Minnesota to Vacationers: Wish You Were HereThe Minnesota Office of Tourism breaks a direct mail effort this month as part of a $3 million integrated campaign to increase vacation travel to the state.
A self-mailer with an attached business reply card is the first piece planned. It will offer a free "Explore Minnesota Fishing Guide" to 100,000 qualified fishing fans from inhouse and rented lists. The mailer is headlined, "Fish cleaning is a vacation day. Gutter cleaning is not."
"The target is leisure travelers who are more likely than not to spend their vacation days one or two at a time rather than in big chunks," said Chuck Kushell, chairman/CEO of Minneapolis-based Colle + McVoy, which handles the tourism office's advertising account.
Timing for this effort is critical. The initial drop will be timed for prospects to use the fishing guide to plan trips coinciding with the opening of the Minnesota fishing season in May.
A subsequent drop in early April will target 200,000 golfers on inhouse and rented lists, plus those acquired from ad placements. Another mailing will go later this year to enthusiasts of fall and winter sports. As of press time, mail dates and quantities were still being worked out.
"We would expect to do more direct and relationship marketing in fall/winter to expand on the inquiries generated from the spring/summer campaign," said Charley Howe, vice president/account manager at Colle + McVoy.
Tourism in Minnesota is a $9 billion a year industry, second only to agriculture in revenue for the state. More than 25 million U.S. and international travelers visit the state each year. But the state wants more.
Direct mail joins television, radio, magazine and outdoor advertising as well as public relations work in this push. All ads promote the relaxation and fun of a Minnesota vacation rather than the stress and chores of home and work.
The concept sprung from research by Colle + McVoy that found people stressed by work seek activity-based experiences. According to some industry statistics, 83 percent of people stay in contact with their offices while on vacation. And 18 percent in a different poll do not use the vacation time allotted to them.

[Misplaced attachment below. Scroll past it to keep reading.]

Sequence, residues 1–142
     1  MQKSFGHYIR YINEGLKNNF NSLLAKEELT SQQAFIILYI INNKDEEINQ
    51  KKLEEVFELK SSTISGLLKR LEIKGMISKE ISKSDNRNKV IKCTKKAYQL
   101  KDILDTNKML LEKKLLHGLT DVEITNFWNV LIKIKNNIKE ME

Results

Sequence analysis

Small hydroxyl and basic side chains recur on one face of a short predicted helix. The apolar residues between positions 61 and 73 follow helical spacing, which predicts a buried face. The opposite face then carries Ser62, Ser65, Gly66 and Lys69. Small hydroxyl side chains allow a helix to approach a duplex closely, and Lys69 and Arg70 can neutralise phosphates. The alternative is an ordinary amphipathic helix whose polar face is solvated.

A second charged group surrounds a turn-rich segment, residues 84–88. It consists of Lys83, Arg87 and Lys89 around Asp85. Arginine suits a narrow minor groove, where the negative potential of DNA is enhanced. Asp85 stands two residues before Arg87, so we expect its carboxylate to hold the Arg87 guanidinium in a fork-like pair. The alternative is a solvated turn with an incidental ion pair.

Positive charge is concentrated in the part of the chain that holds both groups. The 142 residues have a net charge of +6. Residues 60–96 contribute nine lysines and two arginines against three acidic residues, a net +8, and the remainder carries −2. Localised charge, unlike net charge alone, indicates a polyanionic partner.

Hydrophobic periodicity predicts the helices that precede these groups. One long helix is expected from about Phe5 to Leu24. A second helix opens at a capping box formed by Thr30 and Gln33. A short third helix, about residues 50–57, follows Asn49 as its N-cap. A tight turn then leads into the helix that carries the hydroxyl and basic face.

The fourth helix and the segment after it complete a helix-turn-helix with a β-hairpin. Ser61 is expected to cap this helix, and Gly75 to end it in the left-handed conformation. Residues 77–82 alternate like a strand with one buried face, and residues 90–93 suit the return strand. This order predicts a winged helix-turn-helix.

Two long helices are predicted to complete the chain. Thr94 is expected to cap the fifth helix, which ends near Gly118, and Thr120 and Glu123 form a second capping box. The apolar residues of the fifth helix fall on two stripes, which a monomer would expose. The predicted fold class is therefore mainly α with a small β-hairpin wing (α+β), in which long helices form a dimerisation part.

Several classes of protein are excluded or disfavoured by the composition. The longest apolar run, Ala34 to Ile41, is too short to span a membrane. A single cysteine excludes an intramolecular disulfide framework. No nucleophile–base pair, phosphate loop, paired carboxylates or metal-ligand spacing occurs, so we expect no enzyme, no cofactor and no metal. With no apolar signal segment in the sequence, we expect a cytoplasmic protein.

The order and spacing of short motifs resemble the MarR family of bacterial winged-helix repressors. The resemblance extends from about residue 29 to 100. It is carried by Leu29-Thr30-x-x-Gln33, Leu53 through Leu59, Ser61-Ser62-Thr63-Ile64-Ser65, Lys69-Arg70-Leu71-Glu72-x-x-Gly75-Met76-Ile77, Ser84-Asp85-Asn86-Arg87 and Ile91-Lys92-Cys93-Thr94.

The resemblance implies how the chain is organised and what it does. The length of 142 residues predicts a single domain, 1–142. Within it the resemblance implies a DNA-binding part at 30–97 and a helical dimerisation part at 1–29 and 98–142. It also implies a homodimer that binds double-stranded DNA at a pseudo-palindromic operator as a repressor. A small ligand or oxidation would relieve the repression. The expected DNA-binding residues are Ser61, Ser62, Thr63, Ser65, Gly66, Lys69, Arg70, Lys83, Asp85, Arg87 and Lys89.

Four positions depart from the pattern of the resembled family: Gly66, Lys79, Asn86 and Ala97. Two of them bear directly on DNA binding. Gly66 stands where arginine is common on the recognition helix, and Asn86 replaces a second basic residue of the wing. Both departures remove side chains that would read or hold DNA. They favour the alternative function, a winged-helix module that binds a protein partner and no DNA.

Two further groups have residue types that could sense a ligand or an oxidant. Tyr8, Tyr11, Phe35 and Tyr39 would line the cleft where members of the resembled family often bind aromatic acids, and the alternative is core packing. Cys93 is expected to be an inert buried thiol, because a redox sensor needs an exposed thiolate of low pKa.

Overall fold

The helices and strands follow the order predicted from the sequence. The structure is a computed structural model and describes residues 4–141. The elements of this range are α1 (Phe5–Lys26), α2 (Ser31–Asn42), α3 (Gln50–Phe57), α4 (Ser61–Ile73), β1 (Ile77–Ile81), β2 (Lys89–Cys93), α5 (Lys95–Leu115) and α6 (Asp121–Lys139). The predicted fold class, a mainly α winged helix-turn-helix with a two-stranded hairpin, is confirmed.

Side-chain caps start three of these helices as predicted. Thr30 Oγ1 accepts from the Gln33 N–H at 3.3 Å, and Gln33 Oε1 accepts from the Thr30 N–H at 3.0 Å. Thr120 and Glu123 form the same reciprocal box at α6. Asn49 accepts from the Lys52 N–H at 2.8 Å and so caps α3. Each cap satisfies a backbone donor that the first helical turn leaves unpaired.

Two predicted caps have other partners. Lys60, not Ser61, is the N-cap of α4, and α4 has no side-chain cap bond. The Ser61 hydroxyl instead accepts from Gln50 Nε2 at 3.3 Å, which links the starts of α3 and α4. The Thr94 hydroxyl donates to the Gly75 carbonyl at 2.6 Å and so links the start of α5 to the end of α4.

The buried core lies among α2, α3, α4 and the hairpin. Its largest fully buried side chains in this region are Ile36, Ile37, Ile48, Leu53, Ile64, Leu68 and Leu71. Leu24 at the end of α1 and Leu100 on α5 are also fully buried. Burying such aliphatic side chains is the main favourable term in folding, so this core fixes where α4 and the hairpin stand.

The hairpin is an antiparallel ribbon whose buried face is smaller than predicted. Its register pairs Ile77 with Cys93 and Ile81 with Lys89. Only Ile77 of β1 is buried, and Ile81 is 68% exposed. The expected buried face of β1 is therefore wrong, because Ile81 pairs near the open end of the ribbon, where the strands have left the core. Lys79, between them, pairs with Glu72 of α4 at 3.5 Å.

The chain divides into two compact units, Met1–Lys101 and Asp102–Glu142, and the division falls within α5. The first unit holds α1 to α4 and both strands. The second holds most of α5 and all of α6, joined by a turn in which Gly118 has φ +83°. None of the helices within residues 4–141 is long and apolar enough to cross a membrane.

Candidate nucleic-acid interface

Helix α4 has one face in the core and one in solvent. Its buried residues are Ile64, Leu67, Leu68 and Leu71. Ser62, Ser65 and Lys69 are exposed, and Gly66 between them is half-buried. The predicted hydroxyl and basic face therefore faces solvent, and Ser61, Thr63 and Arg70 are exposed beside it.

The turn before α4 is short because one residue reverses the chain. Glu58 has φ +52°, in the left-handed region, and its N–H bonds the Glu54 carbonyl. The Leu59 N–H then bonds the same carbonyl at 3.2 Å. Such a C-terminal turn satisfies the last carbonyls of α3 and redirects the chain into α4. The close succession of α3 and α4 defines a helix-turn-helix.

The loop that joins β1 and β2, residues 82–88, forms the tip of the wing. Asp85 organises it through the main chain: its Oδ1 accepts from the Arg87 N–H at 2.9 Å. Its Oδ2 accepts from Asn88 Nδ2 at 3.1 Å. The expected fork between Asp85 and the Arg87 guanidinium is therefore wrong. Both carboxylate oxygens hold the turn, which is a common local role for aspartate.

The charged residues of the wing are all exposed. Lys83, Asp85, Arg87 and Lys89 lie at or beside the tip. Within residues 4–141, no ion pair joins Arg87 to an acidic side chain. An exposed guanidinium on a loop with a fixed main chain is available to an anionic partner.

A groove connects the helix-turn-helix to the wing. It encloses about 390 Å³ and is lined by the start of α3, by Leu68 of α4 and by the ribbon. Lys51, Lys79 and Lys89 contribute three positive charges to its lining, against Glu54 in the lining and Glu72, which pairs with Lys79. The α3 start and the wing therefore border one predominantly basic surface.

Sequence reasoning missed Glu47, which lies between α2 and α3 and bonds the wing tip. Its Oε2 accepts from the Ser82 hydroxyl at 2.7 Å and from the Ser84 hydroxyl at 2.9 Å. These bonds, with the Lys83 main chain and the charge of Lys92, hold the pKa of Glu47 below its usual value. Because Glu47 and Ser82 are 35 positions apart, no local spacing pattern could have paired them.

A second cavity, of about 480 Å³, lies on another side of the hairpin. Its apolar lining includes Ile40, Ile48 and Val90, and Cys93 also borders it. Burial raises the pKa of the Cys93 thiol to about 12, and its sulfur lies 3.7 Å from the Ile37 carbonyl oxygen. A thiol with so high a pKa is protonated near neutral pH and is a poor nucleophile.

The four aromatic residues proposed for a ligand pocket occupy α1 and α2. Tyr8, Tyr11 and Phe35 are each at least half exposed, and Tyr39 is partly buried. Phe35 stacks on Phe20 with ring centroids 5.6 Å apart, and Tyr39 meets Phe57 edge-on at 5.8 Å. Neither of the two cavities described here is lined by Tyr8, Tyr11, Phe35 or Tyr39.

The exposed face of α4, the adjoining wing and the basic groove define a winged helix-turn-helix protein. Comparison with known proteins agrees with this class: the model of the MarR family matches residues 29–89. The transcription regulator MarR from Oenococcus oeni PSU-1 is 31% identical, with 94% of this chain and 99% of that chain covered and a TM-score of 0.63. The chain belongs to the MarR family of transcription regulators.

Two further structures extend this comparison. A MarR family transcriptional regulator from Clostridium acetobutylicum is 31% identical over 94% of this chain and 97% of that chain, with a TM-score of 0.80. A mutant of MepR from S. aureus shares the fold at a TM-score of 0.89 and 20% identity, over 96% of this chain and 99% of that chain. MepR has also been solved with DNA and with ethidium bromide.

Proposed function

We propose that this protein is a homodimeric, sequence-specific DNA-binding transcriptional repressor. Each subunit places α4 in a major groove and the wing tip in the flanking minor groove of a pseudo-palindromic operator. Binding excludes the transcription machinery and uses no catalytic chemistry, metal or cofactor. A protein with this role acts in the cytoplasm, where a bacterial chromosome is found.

This campaign also targets vacationers within driving distance. Currently, 80 percent of non-resident Minnesota tourists drive into the state. This comprises tourists from Wisconsin, the Dakotas, Iowa, Illinois and Canada.
But while Minnesota offers recreational opportunities like canoeing and golfing, it lacks features favored by adventure travelers, such as canyons, whitewater and mountains.
"To be clear, people are still likely to spend a week by a quiet lake with the family, or come for a long weekend to golf, canoe and shop -- Mall of America -- or relax by the lake. We do have over 11,000 lakes, after all," said John Jarvis, executive vice president and chief creative officer at Colle + McVoy.
"However, while other states focus their campaigns around the tourism opportunities, we chose to focus our campaign around the tourist and build a campaign around the importance of using vacation days wisely."
Take a sampling of the headlines for print ads. "Vacation days expire. Right along with your sense of humor." "Divots can be replaced. Expired vacation days can't." "Kids get summer camp. Adults get vacation days."
All print ads will list a toll-free number and a Web site, www.exploreminnesota.com. The billboards in key regional markets and in Minnesota will have the Web address.
"It is our intention to drive more people to the Web than to the phone," Jarvis said, "as the exploreminnesota.com site has everything someone needs to book a vacation right then and there."